10 Things You Can Use to Put Out Fires
In the event of a fire, there are various household items and natural resources that can put out flames and keep them from spreading. Depending on the type and size of the fire, some extinguishers may work better than others. For the slow burning campfires and grill fires, natural outdoor extinguishers can be used. Whereas, quick burning, indoor fires need to be extinguished right away with a reliable extinguisher. For highly combustible and quick spreading fires, always exit the house or building and call your local fire department. Here are just a few of the many household fire extinguishers you can use in an emergency fire:
Fire extinguishers are designed to put out most types of fires, but each extinguisher is designated for a different type of fire. For example, Class A extinguishers put out fires in ordinary combustibles like wood, paper and trash. Class B extinguishers put out fires from flammable liquids, such as grease, gasoline and paint, whereas, Class C extinguishers are used on electrical equipment fires. Lastly, Class D extinguishers are used on combustible metals, such as aluminum and potassium. Fire extinguishers should be kept in the house, workplace, kitchen, school and anywhere else a fire might occur. Extinguishers should always be visible and accessible, as well as used on the specified fire.
Water is a natural fire extinguisher that works by diminishing the heat of fire, as well as creating vapor that clouds the fire and keeps it from spreading. Water is easy to gather and works quickly on specific fires. Water and water extinguishers can be used to put out Class A fires in ordinary combustibles, such as wood, paper, trash, cloth and plastics. Water should never be used on Class B or C fires because water will cause grease fires to splash and spread further, as well as create shock hazards in electrical fires. Home fire sprinkler systems can also be installed to attack a fire in its early stages and keep it from spreading.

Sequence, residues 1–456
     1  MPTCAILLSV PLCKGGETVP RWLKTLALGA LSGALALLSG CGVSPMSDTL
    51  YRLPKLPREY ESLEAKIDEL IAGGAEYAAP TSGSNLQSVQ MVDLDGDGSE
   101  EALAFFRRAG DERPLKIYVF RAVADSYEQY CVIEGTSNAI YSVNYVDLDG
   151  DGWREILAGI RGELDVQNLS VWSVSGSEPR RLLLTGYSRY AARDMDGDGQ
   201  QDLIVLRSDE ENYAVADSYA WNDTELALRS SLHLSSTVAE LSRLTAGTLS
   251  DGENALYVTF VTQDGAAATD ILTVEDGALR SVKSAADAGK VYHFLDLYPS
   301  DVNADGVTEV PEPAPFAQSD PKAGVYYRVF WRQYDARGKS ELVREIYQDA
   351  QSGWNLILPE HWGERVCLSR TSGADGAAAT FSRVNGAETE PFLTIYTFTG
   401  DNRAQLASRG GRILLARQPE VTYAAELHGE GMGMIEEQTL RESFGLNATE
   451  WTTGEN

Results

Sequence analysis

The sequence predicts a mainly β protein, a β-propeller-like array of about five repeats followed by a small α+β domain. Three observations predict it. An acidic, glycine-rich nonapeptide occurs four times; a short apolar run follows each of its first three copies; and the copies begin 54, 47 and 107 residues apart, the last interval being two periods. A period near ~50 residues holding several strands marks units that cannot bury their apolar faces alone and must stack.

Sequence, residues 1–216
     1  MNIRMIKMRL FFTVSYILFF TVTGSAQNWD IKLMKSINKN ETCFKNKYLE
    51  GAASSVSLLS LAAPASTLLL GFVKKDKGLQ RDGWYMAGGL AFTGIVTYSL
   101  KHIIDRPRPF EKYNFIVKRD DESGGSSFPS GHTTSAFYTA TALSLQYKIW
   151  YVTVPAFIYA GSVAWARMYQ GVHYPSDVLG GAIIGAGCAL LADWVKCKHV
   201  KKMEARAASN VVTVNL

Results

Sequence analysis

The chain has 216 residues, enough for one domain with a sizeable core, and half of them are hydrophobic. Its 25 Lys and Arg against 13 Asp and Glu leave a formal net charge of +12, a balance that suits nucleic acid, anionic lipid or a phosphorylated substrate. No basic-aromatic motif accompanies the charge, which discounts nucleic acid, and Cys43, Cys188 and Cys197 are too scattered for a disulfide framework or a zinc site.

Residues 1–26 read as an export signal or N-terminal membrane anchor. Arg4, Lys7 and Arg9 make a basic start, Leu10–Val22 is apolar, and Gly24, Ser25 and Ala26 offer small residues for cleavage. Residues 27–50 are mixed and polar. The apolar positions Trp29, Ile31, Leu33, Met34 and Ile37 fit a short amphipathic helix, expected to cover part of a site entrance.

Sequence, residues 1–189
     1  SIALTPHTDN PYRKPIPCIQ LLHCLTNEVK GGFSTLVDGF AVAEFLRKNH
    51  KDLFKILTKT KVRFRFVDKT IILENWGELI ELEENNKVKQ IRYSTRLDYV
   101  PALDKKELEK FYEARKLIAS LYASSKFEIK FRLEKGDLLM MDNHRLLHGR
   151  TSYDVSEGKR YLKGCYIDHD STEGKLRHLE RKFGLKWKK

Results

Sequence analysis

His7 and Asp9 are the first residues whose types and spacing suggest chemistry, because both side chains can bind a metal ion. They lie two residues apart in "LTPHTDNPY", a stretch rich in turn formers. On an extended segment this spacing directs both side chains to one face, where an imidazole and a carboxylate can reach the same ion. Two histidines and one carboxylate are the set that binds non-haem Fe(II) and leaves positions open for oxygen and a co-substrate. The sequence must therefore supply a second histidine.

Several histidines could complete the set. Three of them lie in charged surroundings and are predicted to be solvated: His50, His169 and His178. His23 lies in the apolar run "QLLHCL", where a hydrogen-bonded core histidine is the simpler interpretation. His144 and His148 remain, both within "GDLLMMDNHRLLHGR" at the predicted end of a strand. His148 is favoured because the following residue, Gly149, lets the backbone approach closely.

A common household item that can be used on fires is likely sitting in your cabinet or refrigerator — baking soda. Baking soda is a sodium bicarbonate, which has various purposes like putting out small grease or electrical kitchen fires. Baking soda will help smother and cool fires at the base of the flame.
One of the quickest and most effective ways of putting out grease or cooking fires is to use a pan lid. Non-glass lids that fit over the pan, skillet or container in which you are cooking in are best to use for smothering a cooking fire. Using a lid will suffocate the fire due to a lack of oxygen, which is needed to sustain combustion. Be sure that the lid has a heat-resistant handle or you wear oven mitts when placing a lid on top of a fire.
Since sodium chloride (salt) is one of the principle extinguishing ingredients in fire extinguishers, it’s no wonder why it made it on the list. By nature, salt dissipates heat and minimizes oxygen when applied to a fire. Table salt can be used to extinguish grease fires that occur on the stove or in the oven. Fire extinguishers that have salt in it are best used on Class D fires in combustible metals, such as potassium, sodium and aluminum.
Soil that is free of flammable organic materials is helpful in extinguishing fires. Soil works like other extinguishing materials by absorbing heat and suffocating the fire. Soil is best used on small outdoor fires and cooking fires that are slow burning. It may need to be combined with water and spread around to smother all flames and ashes.
Like soil, sand produces a similar extinguishing effect of suffocating the fire by absorbing heat and depriving it of oxygen. Generally, sand is better to use than soil in campfires and small fires caused by ordinary combustibles, because it has less flammable materials in it and it’s more dry. However, sand is not a reliable extinguisher for combustible metals.
Mostly made of water, beer is another good alternative to a fire extinguisher. For grill fires, campfires or engine fires, beer can serve as a quick extinguisher when shaken and poured over the flames. Depending on the size of the fire, multiple cans or bottles may be needed to fully extinguish.
Whether this is followed by No. 8 or you’re out of water, urine, believe it or not, can also serve as an effective fire extinguisher. Just like other water-based extinguishers, urine is more than 90 percent water, which is enough to put out a fire. While this isn’t the fastest or easiest extinguishing method, it can be done near a small campfire or outdoor fire. Take caution and privacy when urinating over a fire.
Blankets, Rugs, Towels
If you don’t have access to a fire blanket, then household blankets, rugs, draperies and towels can all be used to put out fires. These items are extremely useful when you or another person is on fire. A blanket or any heavy cloth can be wrapped around the body, clothes or hair and padded to smother the fire.
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